September 11 spawned a war and a fight for religious/financial freedom that cost more lives than anticipated. Why did we have to fight a war because our religious values differ? Why do we justify killing with a nod to a higher power?

I struggled with the reality humans did this to other innocent humans, for no other reason other than to prove a point.

4. “Mankind can also be compassionate.”

Author Robert Louis Stevenson has said, “In each of us, two natures are at war: the good and the evil. All our lives, the fight goes on between them, and one of them must conquer. But in our own hands lies the power to choose. What we want most to be, we are.”

Let’s face facts: Humans have done horrible things, be it corrupt politics, slavery, racism, murder or rape. Despite that reality, humans have done great things, too.

The immediate 9/11 response was to help others, not to go to war. The tragedy was ongoing when people started helping out by sending food, volunteering their time to search for people and assist with repairs.

In a time of turmoil, America put its anger aside and focused on helping everyone it could. The museum told the story of firefighters and civilians working together to save lives. Volunteers who perished in the aftermath were honored.

The rage came later, but compassion was our first instinct. Our first response wasn’t to leap into battle, but to heal the wounded.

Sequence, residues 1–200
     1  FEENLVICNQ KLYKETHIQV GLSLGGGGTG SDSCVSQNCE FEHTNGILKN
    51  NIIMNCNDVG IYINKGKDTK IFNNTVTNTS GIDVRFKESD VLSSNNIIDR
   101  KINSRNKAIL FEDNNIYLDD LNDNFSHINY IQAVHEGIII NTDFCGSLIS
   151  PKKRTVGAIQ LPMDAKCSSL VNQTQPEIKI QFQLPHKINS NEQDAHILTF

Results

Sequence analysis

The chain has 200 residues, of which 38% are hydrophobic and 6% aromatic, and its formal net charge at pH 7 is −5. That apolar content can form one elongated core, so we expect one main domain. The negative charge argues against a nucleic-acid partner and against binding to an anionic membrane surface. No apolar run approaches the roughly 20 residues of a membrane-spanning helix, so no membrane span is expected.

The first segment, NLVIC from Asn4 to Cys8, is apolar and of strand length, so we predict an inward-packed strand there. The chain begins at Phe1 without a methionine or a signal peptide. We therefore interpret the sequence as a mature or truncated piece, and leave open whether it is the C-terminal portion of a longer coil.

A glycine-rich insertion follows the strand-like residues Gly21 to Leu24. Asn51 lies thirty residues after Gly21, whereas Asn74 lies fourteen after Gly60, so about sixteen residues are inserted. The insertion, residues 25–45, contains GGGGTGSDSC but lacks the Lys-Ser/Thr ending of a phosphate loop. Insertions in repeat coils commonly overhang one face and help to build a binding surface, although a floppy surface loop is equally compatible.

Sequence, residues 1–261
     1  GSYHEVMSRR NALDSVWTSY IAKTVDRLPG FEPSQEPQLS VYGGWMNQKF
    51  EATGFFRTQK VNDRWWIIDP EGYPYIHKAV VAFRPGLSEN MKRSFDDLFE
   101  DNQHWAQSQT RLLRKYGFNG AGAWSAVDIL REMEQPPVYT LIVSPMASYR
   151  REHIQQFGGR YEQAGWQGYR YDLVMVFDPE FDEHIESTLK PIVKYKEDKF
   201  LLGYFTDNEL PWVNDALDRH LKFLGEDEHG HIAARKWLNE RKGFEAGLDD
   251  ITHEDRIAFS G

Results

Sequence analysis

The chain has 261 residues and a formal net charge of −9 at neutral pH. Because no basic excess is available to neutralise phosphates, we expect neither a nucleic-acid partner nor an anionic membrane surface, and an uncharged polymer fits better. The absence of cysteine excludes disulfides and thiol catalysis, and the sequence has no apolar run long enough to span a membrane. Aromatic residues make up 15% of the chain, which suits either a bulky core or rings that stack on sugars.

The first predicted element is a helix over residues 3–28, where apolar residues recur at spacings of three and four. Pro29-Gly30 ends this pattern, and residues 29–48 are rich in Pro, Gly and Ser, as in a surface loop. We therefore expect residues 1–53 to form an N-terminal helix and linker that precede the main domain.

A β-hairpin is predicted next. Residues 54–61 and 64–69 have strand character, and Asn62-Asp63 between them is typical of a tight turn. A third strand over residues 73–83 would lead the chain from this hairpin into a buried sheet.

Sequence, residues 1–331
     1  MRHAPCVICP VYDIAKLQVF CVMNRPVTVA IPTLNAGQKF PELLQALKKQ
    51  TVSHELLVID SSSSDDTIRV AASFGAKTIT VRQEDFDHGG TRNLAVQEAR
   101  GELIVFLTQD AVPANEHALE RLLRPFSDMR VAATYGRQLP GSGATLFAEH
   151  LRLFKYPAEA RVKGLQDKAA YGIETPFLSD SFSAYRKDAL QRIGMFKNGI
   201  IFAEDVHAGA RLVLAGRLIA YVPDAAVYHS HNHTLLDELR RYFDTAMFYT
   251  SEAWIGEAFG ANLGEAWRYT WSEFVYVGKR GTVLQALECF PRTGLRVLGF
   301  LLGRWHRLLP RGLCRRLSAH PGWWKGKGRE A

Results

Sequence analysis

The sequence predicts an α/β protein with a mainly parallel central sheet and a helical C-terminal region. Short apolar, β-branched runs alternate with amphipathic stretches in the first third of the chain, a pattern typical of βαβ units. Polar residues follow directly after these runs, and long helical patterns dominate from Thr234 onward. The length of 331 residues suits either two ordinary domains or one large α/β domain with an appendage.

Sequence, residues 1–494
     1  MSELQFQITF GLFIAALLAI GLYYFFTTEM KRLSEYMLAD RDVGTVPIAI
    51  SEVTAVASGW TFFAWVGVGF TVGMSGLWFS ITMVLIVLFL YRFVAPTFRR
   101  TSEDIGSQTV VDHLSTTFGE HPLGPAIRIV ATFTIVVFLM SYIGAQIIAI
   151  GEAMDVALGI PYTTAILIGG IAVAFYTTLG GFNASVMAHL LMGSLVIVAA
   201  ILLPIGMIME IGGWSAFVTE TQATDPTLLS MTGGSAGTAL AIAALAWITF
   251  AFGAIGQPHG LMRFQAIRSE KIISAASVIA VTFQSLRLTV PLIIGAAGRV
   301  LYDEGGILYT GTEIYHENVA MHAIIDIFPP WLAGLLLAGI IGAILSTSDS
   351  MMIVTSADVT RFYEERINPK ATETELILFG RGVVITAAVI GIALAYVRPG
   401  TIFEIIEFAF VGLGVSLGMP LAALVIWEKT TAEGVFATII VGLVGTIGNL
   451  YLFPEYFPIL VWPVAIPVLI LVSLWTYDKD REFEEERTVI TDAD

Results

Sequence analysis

5. “This pain will become a bullet point in history.”

As our generation grows older, the emotional weight of 9/11 will fade. The event will become as distant and as unrelatable to the next generation as it was for me at 10 years old.

The Holocaust has become all but a literary event for current teenagers. The reality of this is terrifying. How can something so important to our history be seemingly forgotten over time?

It’s hard to understand something when it’s not staring you right in the face. Looking at a photograph of death may make your heart lurch in your chest, but when that photograph is 20 years old and you don’t recognize the scene beyond a dry description in your history textbook, it won’t impact you the same way.

I look at the history of the Revolutionary Wars and I can’t comprehend the fear those people must have felt, or how hard the losses hit. I don’t understand how the plague destroyed lives, and how bodies lined the streets.

I can imagine, but I’m so detached from it all. It is life’s way for time and distance to heal wounds.

6. “I feel so useless.”

Seeing the reality of 9/11 felt like a kick to my heart. I prayed near the infinity pools, made donations to 9/11 charities and spent three hours of my life listening to their stories, but it didn’t feel like enough.

How would $25, a quick prayer and a snippet of my time ever atone for what was lost?

I was helpless when I was 10 and I felt even more helpless while standing amidst it all.

I did something good, yes. But it feels so inconsequential when I think about the families that remain incomplete, the injuries that took away so many dreams and the buried soldiers who fought for our justice.

7. “America is resilient.”

Our country fought its way to freedom. We’ve lived through wars, civil rights movements and financial breakdowns. In 2001, America came together in the face of the unspeakable.

In 2015, when social divisions still exist between citizens and government in light of police brutality, systematic racism, financial crisis and the threat of war, I have no doubt America will come out triumphant on the other side.

We will be changed by the trials that face us. But when it matters most, we know when to stand united.

If I have learned anything from 9/11, it’s that a trial by fire and brimstone will reveal the true character of our nation.